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Necessitas

Roman A goddess of destiny or fate, of that which is necessary; or perhaps merely the personification of necessity. With the goddess Fortuna, Necessitas ruled over or influenced the future of men and women. The two are often pictured together, with Necessitas, carrying nails and wedges, walking before Fortuna. Necessitas was equated with Ananke, the Greek personification of absolute destiny....

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Naxos

Greek An island in the Aegean Sea southeast of Greece. It is famous in Greek mythology as the place where Theseus abandoned Ariadne, daughter of King Minos, after she helped him find his way out of the labyrinth. Naxos was a center for the worship of Dionysus....

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Dead Sea Scrolls

Scrolls roughly 2,000 years old found in caves on the northwestern edge of the Dead Sea. In February or March 1947, a 15-year-old Arab boy named Muhammad adh-Dhib accidentally made one of the greatest discoveries in modern archaeology. Accounts of what happened vary. According to one account, he was taking shelter from a thunderstorm. According to another, he was looking for a lost goat....

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Day of Atonement

English for the Hebrew phrase Yom Kippur; the most sacred of the "days of awe" in JUDAISM. Jews observe the Day of Atonement on the tenth day of Tishri, the fi rst month of the Jewish year. This date falls in September or October. The Day of Atonement is a time for restoring one's relationship with GOD. The Jewish people collectively repent of their SINS...

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David

David (ruled c. 1000–960 B.C.E.) in the Hebrew Bible, king of Israel and founder of the ruling dynasty of Judah After the death of King SAUL and his sons, David united the kingdoms of Israel (today in northern Israel) and Judah (today in southern Israel). He took JERUSALEM (previously the stronghold of a people known as the Jebusites), made it his capital, and brought the...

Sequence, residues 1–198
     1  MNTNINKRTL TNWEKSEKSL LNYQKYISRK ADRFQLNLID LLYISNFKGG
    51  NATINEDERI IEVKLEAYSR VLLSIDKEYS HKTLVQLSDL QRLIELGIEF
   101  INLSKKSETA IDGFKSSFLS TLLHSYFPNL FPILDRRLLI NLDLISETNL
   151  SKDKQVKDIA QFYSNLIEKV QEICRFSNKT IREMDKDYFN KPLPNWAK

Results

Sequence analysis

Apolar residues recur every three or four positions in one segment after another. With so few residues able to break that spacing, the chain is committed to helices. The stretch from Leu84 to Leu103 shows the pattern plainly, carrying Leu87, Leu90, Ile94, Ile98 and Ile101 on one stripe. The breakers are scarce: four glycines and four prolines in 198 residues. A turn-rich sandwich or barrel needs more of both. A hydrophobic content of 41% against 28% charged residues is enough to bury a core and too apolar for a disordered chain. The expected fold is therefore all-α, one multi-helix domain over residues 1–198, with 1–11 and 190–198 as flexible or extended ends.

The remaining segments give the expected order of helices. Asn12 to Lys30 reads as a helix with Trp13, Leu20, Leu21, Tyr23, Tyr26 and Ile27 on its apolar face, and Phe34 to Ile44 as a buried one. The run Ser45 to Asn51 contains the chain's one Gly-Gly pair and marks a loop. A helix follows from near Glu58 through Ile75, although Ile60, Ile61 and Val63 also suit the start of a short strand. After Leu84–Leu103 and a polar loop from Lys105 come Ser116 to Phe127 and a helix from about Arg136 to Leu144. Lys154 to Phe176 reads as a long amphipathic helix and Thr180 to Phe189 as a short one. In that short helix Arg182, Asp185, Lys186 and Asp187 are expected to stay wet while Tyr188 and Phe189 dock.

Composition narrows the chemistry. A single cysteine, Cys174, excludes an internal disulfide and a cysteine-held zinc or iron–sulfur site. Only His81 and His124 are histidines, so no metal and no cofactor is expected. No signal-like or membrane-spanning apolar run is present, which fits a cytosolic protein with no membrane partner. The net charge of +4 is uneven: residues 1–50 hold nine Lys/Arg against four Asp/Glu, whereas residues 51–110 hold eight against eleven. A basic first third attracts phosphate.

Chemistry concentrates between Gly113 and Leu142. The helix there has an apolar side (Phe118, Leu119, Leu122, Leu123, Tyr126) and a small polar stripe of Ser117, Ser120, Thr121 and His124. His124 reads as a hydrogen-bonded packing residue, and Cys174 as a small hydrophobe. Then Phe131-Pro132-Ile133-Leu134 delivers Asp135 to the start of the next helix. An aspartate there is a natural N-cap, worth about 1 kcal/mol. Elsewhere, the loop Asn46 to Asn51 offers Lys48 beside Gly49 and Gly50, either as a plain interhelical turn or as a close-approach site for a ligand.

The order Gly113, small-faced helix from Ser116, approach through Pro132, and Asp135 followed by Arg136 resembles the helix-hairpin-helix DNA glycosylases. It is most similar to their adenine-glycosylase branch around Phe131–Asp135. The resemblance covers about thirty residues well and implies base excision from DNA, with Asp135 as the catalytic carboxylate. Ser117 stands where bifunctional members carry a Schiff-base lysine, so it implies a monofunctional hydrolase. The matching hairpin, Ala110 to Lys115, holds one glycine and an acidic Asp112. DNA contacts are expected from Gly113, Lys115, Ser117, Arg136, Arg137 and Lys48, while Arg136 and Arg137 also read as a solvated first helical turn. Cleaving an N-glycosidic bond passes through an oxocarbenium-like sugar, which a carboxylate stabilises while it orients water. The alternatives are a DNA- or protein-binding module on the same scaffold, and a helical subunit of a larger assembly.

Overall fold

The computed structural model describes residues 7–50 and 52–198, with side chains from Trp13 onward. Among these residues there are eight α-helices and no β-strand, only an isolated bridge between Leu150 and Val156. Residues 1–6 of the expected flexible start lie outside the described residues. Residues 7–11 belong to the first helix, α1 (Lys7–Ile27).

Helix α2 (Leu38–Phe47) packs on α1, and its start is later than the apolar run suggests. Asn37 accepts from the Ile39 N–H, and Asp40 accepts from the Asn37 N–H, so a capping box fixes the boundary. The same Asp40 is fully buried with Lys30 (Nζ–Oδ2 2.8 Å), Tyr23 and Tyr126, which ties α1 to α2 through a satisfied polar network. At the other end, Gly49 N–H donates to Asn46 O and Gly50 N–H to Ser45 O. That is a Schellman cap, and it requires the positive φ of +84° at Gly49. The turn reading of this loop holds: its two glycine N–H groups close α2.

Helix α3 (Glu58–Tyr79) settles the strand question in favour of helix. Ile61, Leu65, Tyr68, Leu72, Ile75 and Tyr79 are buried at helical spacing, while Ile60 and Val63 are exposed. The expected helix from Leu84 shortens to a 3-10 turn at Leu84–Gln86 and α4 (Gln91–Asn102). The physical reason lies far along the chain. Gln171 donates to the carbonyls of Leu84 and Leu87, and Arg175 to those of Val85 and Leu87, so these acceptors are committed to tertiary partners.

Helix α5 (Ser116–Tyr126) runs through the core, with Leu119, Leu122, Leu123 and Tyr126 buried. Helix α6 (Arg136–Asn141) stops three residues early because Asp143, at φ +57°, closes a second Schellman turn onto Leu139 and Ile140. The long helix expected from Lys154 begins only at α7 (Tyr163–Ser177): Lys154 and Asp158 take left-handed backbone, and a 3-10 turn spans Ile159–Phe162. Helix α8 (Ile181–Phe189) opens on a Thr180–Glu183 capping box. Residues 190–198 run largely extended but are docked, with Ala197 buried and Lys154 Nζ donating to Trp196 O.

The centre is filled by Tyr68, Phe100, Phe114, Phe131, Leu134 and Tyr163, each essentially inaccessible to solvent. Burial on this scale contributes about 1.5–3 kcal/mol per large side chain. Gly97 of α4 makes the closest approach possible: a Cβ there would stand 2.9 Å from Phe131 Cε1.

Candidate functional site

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Daniel

The title character in the book of Daniel in the BIBLE. He is likely based on a fi gure in Canaanite and earlier Hebrew literature. Ancient texts discovered at Ugarit in Syria during the 20th century reveal that, well before any of the Bible was written, the Canaanites knew a legendary hero named Dan'el. This fi gure appears in the biblical book of the...

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Dance and religion

The signifi cance and role of religious dancing. Like the music that usually accompanies it, dance has had a very wide role in religion but has sometimes been regarded with suspicion for its intoxicating effect and its association with sensual feeling. In primal societies, dance frequently served the role of creating sacred times and places, dances being occasions of rich community activity when the gods...

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Dalai Lama

The head of the Tibetan Buddhist community and traditionally the ruler of Tibet. The fi rst Dalai Lama assumed offi ce in 1438, although he was not given that title until 1578, when the Mongol king, Alta Khan, gave the name Dalai Lama to the head of the Tibetan religious community. Dalai means "ocean, all-encompassing"; lama means "supreme teacher." The fi rst Dalai Lama resided...

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Cults and sects, religious

An act of religious WORSHIP, or a small intense religious group, often one considered controversial. In religion, the word "cult" can mean any kind of worship, especially that of a particular god or shrine, as in speaking of ancient Greece one might refer to the "cult of APOLLO." Likewise, "sect" can denote any faction or group, especially a small one strongly devoted to a certain...

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Crusades

A number of movements in Catholic Western Europe, especially during the 12th and 13th centuries, that aimed to free the "holy land" from Muslim rulers. The name derives from crux, the Latin word for CROSS. The Crusaders wore large red crosses sewn onto their shirts. In the course of the 11th century, the territory of Palestine came under the control of the Seljuq Turks. The...

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Cross

A Roman instrument of torture that became one of the main symbols of CHRISTIANITY. Pre-Christian religions used the form of the cross— two lines that intersect—in many ways. Two examples are the ankh, an ancient Egyptian symbol of life, and the swastika, a symbol of well-being in ancient India. But the cross takes on special meaning in Christianity because it was the instrument on and...

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Creation and world cycles

Religious views on the origin and course of the universe. Many religions tell about the origins of the world, but not all do. For example, the BUDDHA refused to talk about the origin of the universe. Buddhists therefore usually envision the universe as a series of cycles, stretching infi nitely into the past and the future. Other religions have cyclical views of the universe, too. Religions...